We therefore turn to the question whether Chaney's mere working under the known unsafe conditions was itself contributory negligence.
The test for negligence is reasonableness. While it may be true that the reasonable man would wish to avoid the known risk here, an employee is not entirely free to do so. He cannot simply decline to do the work, because he would then subject himself to loss of his job, his means of support for self and family. It would not have helped Chaney to point out the danger to Owens, because Owens already knew it. Nor could Chaney tell Owens how to run the job. It cannot be fairly said that Chaney elected to work under the dangerous conditions (the danger not being an intrinsic feature of Chaney's work). Thus as we see the question, it is whether the reasonable laborer (with a wife and three children to feed, clothe and house) would quit his job or expose himself to being fired, without any immediate prospect of another job, rather than work in the presence of a danger which his job did not necessitate and which he had never previously been called on to tolerate. We simply cannot answer that question affirmatively. We believe Chaney's conduct measured by the reasonable man standard was not negligent, and the defense of contributory negligence therefore falls.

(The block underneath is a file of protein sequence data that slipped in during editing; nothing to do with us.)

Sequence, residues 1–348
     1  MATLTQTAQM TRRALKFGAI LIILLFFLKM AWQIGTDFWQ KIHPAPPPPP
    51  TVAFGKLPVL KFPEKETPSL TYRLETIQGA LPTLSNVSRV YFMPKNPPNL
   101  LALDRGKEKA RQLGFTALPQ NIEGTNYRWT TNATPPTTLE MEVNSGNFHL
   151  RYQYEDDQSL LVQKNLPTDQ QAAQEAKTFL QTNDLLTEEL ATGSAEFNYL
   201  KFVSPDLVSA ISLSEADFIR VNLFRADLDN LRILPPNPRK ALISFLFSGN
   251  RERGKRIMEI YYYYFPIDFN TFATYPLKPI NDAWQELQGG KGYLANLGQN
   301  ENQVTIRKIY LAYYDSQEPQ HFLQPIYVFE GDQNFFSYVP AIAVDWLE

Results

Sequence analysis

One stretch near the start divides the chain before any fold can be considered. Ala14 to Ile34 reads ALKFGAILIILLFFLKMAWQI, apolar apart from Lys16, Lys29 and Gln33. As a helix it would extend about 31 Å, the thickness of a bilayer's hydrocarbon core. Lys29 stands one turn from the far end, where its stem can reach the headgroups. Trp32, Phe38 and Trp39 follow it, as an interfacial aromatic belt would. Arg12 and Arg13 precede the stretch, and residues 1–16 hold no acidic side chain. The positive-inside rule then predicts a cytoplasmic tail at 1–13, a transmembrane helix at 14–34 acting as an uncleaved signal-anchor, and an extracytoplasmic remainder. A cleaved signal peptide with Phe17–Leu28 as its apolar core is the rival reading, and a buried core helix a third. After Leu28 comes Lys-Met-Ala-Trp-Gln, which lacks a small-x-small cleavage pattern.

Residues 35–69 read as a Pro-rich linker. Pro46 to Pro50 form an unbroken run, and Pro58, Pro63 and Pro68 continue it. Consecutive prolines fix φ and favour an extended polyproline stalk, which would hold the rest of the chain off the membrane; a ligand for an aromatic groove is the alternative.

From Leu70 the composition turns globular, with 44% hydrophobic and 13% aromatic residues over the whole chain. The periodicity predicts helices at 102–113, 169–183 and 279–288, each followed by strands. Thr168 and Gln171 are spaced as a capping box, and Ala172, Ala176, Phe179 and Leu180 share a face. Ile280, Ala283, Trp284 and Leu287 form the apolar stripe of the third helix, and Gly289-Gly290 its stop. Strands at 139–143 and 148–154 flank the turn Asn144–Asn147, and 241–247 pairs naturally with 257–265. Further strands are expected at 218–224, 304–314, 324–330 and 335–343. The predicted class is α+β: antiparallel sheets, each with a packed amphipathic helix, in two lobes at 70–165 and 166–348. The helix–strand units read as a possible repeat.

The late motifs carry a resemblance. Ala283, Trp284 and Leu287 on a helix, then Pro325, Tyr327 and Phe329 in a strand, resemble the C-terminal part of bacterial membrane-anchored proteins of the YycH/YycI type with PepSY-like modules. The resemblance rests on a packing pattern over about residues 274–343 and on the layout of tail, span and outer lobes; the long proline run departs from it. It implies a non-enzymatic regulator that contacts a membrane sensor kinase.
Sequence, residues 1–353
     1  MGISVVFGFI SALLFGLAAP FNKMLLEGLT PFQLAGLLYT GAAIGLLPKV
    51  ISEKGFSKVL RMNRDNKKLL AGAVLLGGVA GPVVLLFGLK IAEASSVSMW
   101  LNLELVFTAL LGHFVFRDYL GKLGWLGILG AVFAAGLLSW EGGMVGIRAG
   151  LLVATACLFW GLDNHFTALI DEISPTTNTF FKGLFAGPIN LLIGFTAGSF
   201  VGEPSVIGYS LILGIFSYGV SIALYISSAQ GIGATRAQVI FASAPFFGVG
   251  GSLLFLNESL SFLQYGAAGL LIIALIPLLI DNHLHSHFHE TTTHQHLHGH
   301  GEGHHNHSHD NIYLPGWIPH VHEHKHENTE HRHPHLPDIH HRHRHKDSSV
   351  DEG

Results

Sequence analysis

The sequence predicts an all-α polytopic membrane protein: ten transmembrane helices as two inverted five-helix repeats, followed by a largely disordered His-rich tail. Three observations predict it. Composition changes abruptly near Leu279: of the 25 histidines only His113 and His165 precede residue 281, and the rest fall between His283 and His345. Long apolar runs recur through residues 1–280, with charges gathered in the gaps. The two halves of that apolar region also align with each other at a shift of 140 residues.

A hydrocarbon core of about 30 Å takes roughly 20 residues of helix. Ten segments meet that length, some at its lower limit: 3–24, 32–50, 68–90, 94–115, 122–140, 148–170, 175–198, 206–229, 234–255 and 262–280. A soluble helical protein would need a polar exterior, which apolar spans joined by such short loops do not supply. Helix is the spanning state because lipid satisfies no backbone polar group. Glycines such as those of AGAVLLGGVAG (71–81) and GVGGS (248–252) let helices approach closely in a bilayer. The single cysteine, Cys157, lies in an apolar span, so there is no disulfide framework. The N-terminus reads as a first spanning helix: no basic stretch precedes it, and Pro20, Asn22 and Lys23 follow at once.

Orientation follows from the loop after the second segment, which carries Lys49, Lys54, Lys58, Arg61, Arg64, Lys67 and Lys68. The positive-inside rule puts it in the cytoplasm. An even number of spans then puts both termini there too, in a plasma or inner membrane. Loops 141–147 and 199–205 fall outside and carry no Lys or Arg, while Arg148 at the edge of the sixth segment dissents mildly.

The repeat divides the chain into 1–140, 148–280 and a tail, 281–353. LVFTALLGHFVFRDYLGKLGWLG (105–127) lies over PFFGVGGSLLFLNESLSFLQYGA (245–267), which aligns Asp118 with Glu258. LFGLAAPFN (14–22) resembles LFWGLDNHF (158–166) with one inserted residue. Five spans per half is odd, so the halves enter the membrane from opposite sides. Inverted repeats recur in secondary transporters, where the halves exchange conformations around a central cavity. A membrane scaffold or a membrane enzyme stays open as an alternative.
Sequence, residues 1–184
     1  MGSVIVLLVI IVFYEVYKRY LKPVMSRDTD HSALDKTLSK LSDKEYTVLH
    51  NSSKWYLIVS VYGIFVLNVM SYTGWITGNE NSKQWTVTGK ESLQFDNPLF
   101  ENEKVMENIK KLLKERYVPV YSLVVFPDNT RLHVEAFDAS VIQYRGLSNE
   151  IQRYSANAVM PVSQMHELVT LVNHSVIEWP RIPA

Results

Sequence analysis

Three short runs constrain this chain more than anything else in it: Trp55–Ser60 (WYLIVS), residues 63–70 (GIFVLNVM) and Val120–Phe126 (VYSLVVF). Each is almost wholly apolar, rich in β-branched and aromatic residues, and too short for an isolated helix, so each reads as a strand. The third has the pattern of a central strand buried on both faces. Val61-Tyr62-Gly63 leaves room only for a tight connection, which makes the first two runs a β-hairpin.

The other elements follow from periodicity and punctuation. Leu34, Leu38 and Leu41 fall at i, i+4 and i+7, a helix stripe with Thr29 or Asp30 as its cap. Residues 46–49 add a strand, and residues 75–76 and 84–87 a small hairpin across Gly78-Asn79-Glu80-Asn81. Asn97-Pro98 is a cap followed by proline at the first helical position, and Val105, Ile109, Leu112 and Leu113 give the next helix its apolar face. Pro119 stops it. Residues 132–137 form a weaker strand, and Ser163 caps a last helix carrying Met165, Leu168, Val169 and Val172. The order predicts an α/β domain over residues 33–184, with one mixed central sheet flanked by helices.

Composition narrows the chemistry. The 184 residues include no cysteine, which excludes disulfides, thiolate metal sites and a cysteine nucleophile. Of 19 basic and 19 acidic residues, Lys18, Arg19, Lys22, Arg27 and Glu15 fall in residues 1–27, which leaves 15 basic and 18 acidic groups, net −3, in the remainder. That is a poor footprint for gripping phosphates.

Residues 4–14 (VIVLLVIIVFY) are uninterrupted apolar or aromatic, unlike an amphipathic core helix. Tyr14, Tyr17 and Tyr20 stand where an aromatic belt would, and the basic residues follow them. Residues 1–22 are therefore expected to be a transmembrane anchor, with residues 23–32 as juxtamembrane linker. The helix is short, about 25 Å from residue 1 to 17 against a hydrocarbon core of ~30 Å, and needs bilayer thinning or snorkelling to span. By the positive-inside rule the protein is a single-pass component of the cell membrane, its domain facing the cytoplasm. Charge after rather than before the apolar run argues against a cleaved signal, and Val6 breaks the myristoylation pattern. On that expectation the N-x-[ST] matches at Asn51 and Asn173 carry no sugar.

Decedent was 24 years old, and had a life expectancy of about 45 years according to the 1963 United States mortality table in evidence, and a work-life expectancy until age 65 of 41 years. His three children were, at his death, about three and a half years, two years, and half a year in age. His widow testified that his take-home pay approximated $100 a week.
These factors are considered in arriving at quantum for loss of support, although no exact mathematical calculation may be used; McFarland v. Illinois Central R. Co., 241 La. 15, 127 So.2d 183 (1961); Pennington v. Justiss-Mears Oil Co., 242 La. 1, 134 So.2d 53 (1961).
We believe that substantial justice to all parties, and relativity to prior awards, will be accomplished by awarding for both loss of support and loss of the society, guidance and love of their father, and husband, to each of the children $25,000 and to the widow $60,000.